Craig is playing to the type of "leading man" that's in action movies today -- Jason Bourne, Ethan Hunt, Bruce Wayne, Tony Stark.  These are characters who are psychologically troubled and therefore exhibit more limited comfort with themselves.  That's certainly not the Bond that Connery, Lazenby, or Moore played -- their version was someone who had everything in balance but had to deal with a world where everyone else was lacking.  This is another reason Dalton failed.  At the time, people didn't want to see heroes with deep personal problems.  The whole point of the hero was someone better than average.  Even Bruce Willis' character in Die Hard didn't have psychological problems -- his big mouth is what got him into trouble, which is to say he didn't know when to keep his opinions to himself.

The Lethal Weapon movies arguably introduced a character who was psychologically troubled, though it was never quite clear whether they were real or something of an act, as Riggs seemed not only aware of them but able to turn them on and off in various moments.  Tim Burton's Batman gave Bruce Wayne a screwed up sensibility, but Michael Keaton played him more as peculiar than as truly disturbed. 

I think Dalton's lack of widespread appeal is in part because of his own arguable shortcomings as a leading man and that he wanted layers to a character that weren't really wanted or necessary at the time.  Craig fits better not only because he can do all that but also because he is in many ways a return to the Connery-esque Bond physically.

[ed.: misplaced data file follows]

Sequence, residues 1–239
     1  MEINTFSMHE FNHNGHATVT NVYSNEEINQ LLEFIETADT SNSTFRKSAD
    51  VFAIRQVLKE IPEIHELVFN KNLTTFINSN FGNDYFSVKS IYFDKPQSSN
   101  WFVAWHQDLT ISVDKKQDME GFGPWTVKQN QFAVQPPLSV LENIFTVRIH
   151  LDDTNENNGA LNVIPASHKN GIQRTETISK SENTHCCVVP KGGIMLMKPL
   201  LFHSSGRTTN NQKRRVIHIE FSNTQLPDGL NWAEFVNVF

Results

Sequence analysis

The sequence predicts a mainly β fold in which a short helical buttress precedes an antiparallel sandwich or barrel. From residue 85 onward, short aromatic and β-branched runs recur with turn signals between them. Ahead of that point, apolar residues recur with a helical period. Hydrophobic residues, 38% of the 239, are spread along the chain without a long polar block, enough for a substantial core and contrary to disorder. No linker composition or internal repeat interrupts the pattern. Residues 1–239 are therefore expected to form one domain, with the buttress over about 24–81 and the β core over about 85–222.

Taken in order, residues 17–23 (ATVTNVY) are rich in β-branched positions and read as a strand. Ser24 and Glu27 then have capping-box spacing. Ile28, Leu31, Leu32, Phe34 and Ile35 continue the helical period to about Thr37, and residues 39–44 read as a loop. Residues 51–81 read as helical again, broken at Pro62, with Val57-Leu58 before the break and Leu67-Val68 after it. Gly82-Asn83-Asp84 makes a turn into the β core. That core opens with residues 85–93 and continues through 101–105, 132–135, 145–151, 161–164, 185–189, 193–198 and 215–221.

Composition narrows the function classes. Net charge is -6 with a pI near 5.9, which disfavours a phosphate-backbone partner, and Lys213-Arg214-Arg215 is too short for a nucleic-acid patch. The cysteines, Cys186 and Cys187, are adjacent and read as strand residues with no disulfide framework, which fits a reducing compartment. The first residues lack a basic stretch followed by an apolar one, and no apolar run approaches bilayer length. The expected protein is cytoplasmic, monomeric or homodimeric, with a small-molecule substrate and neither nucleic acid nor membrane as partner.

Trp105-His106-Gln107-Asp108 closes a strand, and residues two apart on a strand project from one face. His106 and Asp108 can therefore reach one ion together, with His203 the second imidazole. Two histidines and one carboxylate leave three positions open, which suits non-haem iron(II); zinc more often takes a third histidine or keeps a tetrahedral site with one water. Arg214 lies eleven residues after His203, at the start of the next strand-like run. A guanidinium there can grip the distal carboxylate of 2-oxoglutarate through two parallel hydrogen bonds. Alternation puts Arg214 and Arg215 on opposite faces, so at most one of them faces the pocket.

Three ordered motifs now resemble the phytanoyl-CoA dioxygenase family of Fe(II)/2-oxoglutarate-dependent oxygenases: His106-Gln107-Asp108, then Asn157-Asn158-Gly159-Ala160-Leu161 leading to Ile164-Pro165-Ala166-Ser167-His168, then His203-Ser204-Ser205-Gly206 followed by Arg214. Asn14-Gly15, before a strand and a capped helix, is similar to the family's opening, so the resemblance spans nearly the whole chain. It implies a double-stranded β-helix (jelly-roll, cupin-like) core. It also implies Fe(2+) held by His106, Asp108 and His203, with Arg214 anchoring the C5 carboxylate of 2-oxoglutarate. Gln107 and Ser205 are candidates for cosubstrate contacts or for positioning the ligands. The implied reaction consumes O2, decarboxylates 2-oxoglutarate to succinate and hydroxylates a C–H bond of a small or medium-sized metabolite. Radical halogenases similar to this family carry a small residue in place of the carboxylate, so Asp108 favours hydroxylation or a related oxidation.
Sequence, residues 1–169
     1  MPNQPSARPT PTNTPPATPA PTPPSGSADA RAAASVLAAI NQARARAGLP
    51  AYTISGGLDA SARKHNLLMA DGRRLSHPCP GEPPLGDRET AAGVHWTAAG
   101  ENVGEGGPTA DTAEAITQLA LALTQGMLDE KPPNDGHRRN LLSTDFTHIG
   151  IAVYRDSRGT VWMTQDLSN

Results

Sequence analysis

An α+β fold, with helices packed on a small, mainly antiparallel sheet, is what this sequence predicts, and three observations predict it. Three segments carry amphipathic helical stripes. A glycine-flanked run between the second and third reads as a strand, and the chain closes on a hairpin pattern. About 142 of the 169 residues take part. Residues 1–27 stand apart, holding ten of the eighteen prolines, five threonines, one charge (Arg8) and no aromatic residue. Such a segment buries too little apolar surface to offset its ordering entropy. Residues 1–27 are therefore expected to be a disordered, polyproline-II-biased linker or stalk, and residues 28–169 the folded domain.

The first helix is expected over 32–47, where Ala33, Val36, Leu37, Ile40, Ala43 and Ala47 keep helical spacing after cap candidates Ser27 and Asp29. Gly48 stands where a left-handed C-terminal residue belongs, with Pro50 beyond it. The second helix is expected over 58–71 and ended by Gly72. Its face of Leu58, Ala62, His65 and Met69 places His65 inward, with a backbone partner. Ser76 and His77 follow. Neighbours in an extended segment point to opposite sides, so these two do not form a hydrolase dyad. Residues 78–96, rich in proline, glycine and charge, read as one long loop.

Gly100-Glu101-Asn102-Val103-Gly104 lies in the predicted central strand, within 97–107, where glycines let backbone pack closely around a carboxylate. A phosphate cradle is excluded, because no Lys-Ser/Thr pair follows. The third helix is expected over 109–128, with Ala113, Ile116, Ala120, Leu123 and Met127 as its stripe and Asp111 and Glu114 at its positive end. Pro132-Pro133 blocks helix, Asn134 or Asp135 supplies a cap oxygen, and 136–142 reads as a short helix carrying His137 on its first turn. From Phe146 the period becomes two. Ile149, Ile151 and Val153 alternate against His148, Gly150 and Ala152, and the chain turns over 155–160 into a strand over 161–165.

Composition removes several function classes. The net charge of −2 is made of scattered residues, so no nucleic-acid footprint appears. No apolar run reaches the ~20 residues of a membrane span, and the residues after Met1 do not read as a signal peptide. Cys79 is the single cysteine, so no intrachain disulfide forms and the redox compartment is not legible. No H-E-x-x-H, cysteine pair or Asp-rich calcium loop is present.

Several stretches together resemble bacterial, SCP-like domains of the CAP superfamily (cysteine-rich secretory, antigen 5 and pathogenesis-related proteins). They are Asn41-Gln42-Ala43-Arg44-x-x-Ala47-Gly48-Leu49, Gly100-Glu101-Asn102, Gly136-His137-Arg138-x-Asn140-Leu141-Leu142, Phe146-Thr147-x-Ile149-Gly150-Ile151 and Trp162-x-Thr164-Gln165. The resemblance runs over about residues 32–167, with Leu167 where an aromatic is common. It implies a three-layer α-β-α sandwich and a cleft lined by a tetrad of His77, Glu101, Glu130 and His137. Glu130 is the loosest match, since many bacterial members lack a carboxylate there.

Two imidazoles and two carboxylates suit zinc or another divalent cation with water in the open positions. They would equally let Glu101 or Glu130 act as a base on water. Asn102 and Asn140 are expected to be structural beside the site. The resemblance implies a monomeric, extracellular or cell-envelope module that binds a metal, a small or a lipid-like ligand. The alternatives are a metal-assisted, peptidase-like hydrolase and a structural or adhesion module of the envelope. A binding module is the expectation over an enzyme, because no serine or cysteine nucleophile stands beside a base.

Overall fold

Glen is a journeyman director because there is nothing particularly memorable or imaginative about his staging or set ups.  He frames scenes in a very conventional way -- which I will admit I prefer to the shaky cam, documentary approach now, where framing seems completely ignored -- and does little other than play it conservative.  He gets good performances, but he also relies too much on stock actions and reactions from the actors, who say the lines and move on to the next scene.  The pacing of his films is sometimes plodding as well, though that seems more a problem in his later Moore films, Octopussy and A View to a Kill, than in the others.  His best effort was The Living Daylights.  He seemed to pull out all of the stops there, and yet because the villains are so weak, the film loses energy in the last third.  His second best effort was For Your Eyes Only.  The rest is pretty pedestrian.  He is what might be called a competent film maker.

Very interesting reading.

My Top 10 Bonds: Octopussy, Goldeneye, From Russia With Love, Tomorrow Never Dies, Licence to Kill, For Your Eyes Only, The Living Daylights, Moonraker, Goldfinger and The Spy Who Loved Me.

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Re: What if Licence To Kill was released in the autumn of 1989?

ajb007/cheers